During periradicular surgery, residual soft tissues surrounding the root apex are removed, and root end cavity is prepared subsequently to the apex resection. Dental materials used in root end fillings must achieve perfect isolation of root canal in order to prevent the leakage of fluids arising from periradicular tissues that might support the growth of viable microorganisms eventually present in endodontic microniches.

Ideal retrofilling materials must be present: 1- adhesion ability and three-dimensional sealing of the root canal system; 2- be non-toxic; 3-dimensional stability even in the present of humidity; 4-not be absorbed and 5-present radiopacity2,10. In addition, antimicrobial, allied to biocompatibility, are properties that clearly contribute to the success of the surgical procedure4,12,15.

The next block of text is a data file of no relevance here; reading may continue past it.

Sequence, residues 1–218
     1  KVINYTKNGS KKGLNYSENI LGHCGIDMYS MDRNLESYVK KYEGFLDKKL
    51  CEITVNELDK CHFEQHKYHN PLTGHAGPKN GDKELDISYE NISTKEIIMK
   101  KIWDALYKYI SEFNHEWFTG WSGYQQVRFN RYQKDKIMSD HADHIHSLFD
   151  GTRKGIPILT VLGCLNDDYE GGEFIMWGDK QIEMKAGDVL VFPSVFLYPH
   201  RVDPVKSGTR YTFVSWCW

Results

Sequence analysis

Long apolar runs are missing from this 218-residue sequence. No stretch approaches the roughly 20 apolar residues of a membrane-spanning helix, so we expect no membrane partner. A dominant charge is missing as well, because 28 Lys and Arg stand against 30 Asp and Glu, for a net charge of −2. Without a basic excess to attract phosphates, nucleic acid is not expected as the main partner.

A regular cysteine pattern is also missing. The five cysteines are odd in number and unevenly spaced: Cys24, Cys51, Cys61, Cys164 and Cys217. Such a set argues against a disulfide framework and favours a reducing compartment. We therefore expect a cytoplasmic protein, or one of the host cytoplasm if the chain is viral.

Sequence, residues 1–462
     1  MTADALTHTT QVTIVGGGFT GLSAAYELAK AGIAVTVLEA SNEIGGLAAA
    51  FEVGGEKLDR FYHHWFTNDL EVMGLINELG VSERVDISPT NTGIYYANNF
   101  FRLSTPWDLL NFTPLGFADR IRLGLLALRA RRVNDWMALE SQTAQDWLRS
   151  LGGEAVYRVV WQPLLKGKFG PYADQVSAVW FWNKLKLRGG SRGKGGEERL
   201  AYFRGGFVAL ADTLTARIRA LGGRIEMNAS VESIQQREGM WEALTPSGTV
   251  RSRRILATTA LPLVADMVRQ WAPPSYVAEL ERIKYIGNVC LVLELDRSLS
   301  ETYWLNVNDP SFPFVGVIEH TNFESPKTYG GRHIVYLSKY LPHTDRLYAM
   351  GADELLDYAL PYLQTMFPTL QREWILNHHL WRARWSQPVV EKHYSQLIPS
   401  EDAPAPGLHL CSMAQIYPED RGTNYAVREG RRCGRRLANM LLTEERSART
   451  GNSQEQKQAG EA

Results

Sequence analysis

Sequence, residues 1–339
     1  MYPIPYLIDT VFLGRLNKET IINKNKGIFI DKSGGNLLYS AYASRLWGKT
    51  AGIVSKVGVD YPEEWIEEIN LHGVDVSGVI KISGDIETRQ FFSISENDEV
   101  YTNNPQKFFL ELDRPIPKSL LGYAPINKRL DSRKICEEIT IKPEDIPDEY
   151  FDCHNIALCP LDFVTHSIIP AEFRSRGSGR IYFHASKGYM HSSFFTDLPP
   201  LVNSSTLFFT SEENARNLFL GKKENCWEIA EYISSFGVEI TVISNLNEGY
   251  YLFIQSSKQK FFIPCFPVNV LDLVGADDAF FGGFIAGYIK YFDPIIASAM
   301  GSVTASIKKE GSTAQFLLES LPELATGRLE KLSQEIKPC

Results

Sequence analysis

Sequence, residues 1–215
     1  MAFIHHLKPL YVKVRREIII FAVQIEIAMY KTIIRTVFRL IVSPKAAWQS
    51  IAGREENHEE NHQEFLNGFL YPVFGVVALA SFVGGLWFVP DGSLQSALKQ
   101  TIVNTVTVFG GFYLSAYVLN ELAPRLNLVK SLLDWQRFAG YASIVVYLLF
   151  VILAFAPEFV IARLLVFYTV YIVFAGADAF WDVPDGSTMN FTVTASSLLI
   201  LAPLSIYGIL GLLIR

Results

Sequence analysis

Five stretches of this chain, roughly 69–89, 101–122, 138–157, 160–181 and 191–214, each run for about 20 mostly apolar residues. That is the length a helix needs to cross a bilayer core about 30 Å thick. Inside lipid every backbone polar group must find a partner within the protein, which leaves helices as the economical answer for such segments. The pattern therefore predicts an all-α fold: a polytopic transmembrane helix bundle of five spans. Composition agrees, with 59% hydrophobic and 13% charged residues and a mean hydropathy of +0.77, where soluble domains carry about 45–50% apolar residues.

Mineral Trioxide Aggregate consists of an aggregate mainly composed by tricalcium silicate, dicalcium silicate, tricalcium aluminate, tetracalcium aluminum ferrite, dehydrated calcium sulfate and bismuth oxide16. Due to its compatibility and sealer properties, MTA is indicated for retrofillings in periapical surgeries, in sealing root drilling, in the protection of pulp tissue, in apical sealing in cases of incomplete root formation, and in treatment of root resorption17. Although Portland cement shows similarities with MTA in its main components (tricalcium silicate, dicalcium silicate, tricalcium aluminate, and tetracalcium aluminum ferrite), few reports have dealt with biocompatibility or antimicrobial aspects of this cement. Recently, the antimicrobial property of Portland cement was investigated along with other endodontic filling materials against Gram-positive and Gram-negative bacteria. Nevertheless, Portland cement and MTA formulations was investigated with microorganisms grown aerobically, and did not include strictly anaerobic Gram-negative bacteria14. Thus, the aim of this study was to assess the antimicrobial properties of Portland cement and MTA against four bacterial species grown in anaerobic environment.